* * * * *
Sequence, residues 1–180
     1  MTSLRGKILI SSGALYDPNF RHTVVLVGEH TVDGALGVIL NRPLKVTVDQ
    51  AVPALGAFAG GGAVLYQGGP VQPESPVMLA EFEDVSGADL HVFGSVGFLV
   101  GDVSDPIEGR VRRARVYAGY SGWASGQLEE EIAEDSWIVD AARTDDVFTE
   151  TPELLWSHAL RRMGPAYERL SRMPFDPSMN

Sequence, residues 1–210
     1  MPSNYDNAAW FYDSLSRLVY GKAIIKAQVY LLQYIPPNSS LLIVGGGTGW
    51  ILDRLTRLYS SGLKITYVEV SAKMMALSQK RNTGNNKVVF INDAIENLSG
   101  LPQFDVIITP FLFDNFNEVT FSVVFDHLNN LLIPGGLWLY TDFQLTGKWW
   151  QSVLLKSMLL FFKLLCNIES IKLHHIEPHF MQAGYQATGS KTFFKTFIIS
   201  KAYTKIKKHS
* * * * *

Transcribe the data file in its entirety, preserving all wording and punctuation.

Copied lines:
Sequence, residues 1–180
     1  MTSLRGKILI SSGALYDPNF RHTVVLVGEH TVDGALGVIL NRPLKVTVDQ
    51  AVPALGAFAG GGAVLYQGGP VQPESPVMLA EFEDVSGADL HVFGSVGFLV
   101  GDVSDPIEGR VRRARVYAGY SGWASGQLEE EIAEDSWIVD AARTDDVFTE
   151  TPELLWSHAL RRMGPAYERL SRMPFDPSMN

Sequence, residues 1–210
     1  MPSNYDNAAW FYDSLSRLVY GKAIIKAQVY LLQYIPPNSS LLIVGGGTGW
    51  ILDRLTRLYS SGLKITYVEV SAKMMALSQK RNTGNNKVVF INDAIENLSG
   101  LPQFDVIITP FLFDNFNEVT FSVVFDHLNN LLIPGGLWLY TDFQLTGKWW
   151  QSVLLKSMLL FFKLLCNIES IKLHHIEPHF MQAGYQATGS KTFFKTFIIS
   201  KAYTKIKKHS